‘Biddie’ fashion is a common faux pas

By Bethie Girmai

Every morning when I wake up to go to class, I wear a variation of the same basic outfit. My… Every morning when I wake up to go to class, I wear a variation of the same basic outfit. My “weekday” outfits are usually comprised of something J.Crew, something Polo or Urban Outfitters and always something blue — Tiffany Blue, that is. Although my style leans toward the preppy side of the fashion spectrum, I bid farewell to that section of my wardrobe every Friday night around 5 p.m.

This is when I open what I like to refer to as “the weekend drawer.” This drawer, only appropriate for weekend shenanigans, is something of a goody bag for me. The clothing in this drawer is a little sexier, edgier and shorter. The items employ the use of far less material than the items in my weekday drawer.

Now every time I stand above this drawer, ready to choose an outfit, I ponder my objectives. The weekend outfit must be comfortable, preferably attract the attention of the opposite sex, make me feel good and, most importantly, not classify me as a “biddie.”

What is a biddie, you might ask? It’s a girl who, too concerned with what people think of her, overcompensates by slathering on makeup and cladding herself, usually scantily, in flashy clothing.

You’ve all seen them before. They’re not hard to find — especially around parties during the opening weekends of the semester — but they’re harder to find on campus. Not unlike bears, biddies like to hibernate. Rather than finding a cave to spend the winter in, biddies hibernate in a different fashion.

See, your average biddie is incredibly skilled at disguising her true colors Sunday through Thursday. You might see them walking to and from class in anything from designer jeans and leather jackets to their high school cheerleading sweatshirts. However, in my experience, most biddies favor yoga pants during the school week, Juicy Couture velour sweatsuits and Ugg boots.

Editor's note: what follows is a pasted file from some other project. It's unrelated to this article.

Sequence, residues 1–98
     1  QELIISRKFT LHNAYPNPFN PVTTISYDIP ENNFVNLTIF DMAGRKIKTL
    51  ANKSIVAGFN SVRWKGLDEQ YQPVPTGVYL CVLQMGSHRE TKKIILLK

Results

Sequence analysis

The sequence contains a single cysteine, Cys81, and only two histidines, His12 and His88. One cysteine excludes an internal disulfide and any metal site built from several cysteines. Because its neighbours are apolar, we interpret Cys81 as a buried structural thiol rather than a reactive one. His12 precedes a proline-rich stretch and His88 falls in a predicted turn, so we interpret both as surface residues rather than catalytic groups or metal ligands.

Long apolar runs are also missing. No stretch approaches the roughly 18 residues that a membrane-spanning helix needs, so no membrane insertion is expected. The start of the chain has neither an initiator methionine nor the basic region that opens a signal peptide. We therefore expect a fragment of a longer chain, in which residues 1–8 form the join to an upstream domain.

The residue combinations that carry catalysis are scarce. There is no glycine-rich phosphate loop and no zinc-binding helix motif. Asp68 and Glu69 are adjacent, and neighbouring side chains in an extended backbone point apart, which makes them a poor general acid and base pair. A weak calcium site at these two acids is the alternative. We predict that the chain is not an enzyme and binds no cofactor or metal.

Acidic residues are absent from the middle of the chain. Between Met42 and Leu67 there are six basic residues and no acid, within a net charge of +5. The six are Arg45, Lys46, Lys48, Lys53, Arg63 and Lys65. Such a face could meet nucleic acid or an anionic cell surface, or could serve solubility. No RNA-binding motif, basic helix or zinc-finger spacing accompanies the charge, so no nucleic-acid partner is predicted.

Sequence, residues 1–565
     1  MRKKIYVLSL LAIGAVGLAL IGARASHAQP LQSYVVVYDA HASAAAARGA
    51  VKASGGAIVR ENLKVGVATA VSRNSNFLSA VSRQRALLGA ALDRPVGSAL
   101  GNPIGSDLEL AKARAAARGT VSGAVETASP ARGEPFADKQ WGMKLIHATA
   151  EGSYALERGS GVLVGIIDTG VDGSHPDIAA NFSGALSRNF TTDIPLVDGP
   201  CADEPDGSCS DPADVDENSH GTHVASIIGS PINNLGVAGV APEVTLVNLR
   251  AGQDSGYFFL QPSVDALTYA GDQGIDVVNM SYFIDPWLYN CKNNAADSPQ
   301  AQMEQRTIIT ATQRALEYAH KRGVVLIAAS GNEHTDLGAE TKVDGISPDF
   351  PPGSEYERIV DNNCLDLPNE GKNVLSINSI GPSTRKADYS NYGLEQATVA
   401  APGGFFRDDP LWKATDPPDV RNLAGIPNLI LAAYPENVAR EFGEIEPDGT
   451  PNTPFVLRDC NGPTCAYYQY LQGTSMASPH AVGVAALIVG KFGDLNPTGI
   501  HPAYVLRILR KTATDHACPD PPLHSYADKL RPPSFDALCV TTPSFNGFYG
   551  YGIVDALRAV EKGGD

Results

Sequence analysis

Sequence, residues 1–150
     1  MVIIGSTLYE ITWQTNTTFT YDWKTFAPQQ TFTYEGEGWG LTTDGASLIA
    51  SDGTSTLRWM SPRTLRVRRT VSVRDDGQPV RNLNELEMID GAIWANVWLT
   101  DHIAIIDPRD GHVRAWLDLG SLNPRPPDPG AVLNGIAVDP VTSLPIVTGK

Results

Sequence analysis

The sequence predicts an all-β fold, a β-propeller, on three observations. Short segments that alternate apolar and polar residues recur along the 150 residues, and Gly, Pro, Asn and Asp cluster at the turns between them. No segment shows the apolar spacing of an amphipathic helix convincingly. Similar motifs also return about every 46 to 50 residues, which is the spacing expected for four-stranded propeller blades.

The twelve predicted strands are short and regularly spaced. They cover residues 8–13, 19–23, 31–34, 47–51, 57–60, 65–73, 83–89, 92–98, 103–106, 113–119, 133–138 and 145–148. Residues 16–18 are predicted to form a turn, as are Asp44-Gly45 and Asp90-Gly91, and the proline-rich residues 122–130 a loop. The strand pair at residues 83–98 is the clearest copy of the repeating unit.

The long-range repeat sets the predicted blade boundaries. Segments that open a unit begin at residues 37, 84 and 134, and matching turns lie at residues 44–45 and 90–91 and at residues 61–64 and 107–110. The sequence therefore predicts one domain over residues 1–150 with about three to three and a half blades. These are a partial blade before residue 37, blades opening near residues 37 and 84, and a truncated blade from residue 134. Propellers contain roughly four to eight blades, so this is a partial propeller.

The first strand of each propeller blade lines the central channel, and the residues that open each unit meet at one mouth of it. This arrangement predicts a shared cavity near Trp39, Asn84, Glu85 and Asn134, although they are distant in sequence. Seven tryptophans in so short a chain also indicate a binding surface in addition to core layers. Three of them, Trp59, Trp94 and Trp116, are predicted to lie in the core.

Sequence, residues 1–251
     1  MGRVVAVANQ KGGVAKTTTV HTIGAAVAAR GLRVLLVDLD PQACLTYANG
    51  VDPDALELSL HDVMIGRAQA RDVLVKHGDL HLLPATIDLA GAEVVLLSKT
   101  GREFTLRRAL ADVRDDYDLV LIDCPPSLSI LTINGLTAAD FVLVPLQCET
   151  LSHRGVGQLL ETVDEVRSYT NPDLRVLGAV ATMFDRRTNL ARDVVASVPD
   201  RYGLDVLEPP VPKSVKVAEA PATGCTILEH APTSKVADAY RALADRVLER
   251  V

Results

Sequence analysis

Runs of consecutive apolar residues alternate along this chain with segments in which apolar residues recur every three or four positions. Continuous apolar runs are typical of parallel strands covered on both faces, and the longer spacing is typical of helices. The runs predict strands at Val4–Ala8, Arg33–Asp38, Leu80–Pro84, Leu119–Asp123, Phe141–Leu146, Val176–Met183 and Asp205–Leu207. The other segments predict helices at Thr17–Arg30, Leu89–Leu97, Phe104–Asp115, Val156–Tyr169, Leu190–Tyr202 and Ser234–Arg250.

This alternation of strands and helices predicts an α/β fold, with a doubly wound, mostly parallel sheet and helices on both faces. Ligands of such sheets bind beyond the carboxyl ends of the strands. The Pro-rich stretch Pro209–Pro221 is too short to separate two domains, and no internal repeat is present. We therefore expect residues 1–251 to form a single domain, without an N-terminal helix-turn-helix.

As early as Thursday night, biddies can be seen frequenting the steps by the Pete, heading to parties and grabbing dinner at Qdoba, terribly overdressed. However, the biddie phenomenon is at its peak weekend nights on the 10A bus. Biddies run wild on the 10A in their mini skirts and high heels, toting their suspicious water bottles. You’re not fooling anyone, ladies, we all know that’s not Evian you’re carrying.

In any case, I’ve visited the issue of the biddie phenomenon for a reason. I, myself, was once a biddie. I know it’s hard to believe, but most of us have a little biddie fighting to come out. I reached my biddie peak during my freshman year.

I’ll be the first to admit how easy it can be to get caught up in the craze. Your first semester of college entices you with parties, boys, new friendships and ghastly biddie attire. It can be tempting to fall in step with the phenomenon, but such a fate is also easy to avoid. It’s true! By following a few simple guidelines, you can embrace your inner biddie while simultaneously allowing your style to mature.

Rule number one is to avoid logos. Most of us have had a Hollister or Abercrombie phase, but hopefully you grew out of it when you received your high school diploma. The exception to the rule is what I like to refer to as “the highly esteemed and occasionally worshiped fashion gods.” The fashion gods include the likes of Chanel, Louis Vuitton, Lacoste, Gucci, Burberry, etc. For the most part, newer brands are those that should be considered suspect.

Now, on a college student’s budget the fashion gods are out of reach. But, remember, a stuffed bank account won’t buy you style. Some of the staple items in my wardrobe have been found on shopping sprees to T.J. Maxx and vintage stores. Go on a trip to your favorite dive stores and outlet malls and, I promise, you’ll be pleasantly surprised at what awaits you.

At the risk of resembling a public service announcement, rule number two is always stay true to your own personal style. I know you’ve all heard this before from teachers, your mom and various members of your entourage — but it’s true. Most girls  —and guys — are at their most beautiful when they refuse to conform. By no means am I suggesting that you should walk to class dressed as Lady Gaga, bless her, but don’t ever feel pressured to dress in a way that makes you feel uncomfortable.

When a gal feels great in what she wears, that confidence is exuded from the inside, out. Always remember, ladies, a happy fashionista is a healthy and confident fashionista. So I’ll see you out this weekend. I’ll be the one with the impeccable style.